The flavor went through extensive testing, and the summer-themed popsicle rollout is apparently having the desired effect, with the company highlighting innovations such as Orange Vanilla as contributing to the stronger-than-expected North American performance.

While this was the first new flavor for "regular" Coke, Diet Coke had already gotten the same treatment back in 2018. Perhaps taking a page from the flavored sparkling water craze, Coke unveiled a bunch of new Diet Coke flavors: Ginger Lime, Feisty Cherry, Zesty Blood Orange, and Twisted Mango. Management followed up the new-age flavor trend for Diet Coke this year with Strawberry Guava and Blueberry Acai.

Flavored diet coke brand cans lined up next to each other.

Image source: Coca-Cola.

Taking the Coca-Cola brand into...energy drinks and coffee?

In recent years, Coca-Cola has been diversifying its lineup away from soft drinks and into energy drinks and coffee, with the purchases of a minority stake in energy drink brand Monster Beverage (NASDAQ: MNST) and the purchase of Costa last year. However, that hasn't stopped Coke from expanding the Coca-Cola brand into each of these categories last quarter.

In April, the company launched Coke Energy, its new energy drink based on the Coca-Cola brand, in Spain and 14 other test markets. Though the move may raise some eyebrows given its stake in Monster, management said:

The energy occasion is fast growing and expanding in multiple spaces to satisfy more consumers. We remain fully committed to our partnership with Monster. And we believe there are opportunities to capture even more value in the energy category for the Coca-Cola system and to bring new drinkers into our rapidly evolving category.

In other words, it appears that Coke sees a way to lure more people to try energy drinks who wouldn't otherwise opt for them, by framing the drink under the Coca-Cola brand.

Additionally, the company also unveiled Coca-Cola Plus Coffee, a mix of Coke with real coffee that has higher caffeine content than regular Coke, rolling it out to 26 countries. The company also mentioned Coca-Cola with coffee as an innovation that further spurred growth in the core sparkling segment last quarter.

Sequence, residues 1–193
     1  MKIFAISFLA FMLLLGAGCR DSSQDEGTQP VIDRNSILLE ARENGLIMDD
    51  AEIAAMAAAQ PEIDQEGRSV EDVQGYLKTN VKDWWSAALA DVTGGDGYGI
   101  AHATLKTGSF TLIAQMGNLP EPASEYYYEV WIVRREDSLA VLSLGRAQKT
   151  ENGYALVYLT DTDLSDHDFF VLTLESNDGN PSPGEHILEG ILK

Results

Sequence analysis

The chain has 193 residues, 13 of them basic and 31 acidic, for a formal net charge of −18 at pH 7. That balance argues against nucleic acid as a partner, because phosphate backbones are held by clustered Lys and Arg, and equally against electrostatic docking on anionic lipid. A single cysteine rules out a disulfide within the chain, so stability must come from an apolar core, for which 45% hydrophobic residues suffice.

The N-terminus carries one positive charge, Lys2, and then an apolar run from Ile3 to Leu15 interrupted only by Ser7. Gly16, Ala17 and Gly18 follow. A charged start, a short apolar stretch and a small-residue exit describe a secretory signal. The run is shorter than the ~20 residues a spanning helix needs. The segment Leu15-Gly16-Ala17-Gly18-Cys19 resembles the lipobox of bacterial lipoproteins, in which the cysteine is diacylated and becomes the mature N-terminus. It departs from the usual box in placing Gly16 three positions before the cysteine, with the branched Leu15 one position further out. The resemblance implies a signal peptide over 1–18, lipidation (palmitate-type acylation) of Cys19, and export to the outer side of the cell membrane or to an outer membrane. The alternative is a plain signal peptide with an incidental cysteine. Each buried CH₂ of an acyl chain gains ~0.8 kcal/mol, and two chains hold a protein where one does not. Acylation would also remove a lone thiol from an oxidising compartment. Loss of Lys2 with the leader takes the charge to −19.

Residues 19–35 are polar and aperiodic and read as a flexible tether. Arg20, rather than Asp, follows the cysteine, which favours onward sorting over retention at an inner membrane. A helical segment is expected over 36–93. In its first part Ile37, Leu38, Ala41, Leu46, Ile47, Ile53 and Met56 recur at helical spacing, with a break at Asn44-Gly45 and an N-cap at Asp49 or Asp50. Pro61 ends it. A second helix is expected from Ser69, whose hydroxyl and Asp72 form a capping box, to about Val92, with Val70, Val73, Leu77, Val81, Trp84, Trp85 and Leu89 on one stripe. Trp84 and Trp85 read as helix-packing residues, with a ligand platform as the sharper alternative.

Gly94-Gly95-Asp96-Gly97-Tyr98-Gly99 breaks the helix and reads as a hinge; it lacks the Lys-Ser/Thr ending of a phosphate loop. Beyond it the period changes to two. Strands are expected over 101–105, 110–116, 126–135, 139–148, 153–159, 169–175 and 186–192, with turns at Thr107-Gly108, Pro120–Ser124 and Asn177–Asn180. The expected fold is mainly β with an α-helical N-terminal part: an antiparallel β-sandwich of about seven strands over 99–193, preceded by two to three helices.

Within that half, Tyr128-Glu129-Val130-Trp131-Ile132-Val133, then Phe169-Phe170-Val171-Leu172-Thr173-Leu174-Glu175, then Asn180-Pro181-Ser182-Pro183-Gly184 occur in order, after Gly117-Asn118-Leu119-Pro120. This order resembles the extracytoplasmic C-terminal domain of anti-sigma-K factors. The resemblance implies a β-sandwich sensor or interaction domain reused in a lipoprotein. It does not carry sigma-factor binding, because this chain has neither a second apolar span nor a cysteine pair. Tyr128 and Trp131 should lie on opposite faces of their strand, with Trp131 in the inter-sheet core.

New Coke on Stranger Things

Finally, in a display of hip, self-deprecating marketing, Coke also re-released New Coke on July 4 in partnership with Netflix, which featured the retro drink in the recent season of '80s throwback show Stranger Things. In case you're not aware, 1985 marked the year when Coke tried to change its core formula and release it as "New Coke"...with famously disastrous results. Bringing New Coke back not only was a cool way for Coke to poke fun at itself, but also to get Coke marketing back into the cultural zeitgeist.

The power of Coke's brand

Coca-Cola ranked sixth this year on Forbes' list of most valuable brand list, with all five above it being tech giants. Coke is also the oldest on Forbes' list, which is a testament to management's ability to keep the brand relevant over the years.

That doesn't happen by accident. By innovating with consumer tastes, extending the brand to new parallel categories, and having savvy, on-point marketing, Coca-Cola management has put on a clinic as to how to nurture a brand...with the financial results to back it up.

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Billy Duberstein owns shares of Netflix. His clients may own shares of the companies mentioned. The Motley Fool owns shares of and recommends Monster Beverage and Netflix. The Motley Fool has a disclosure policy.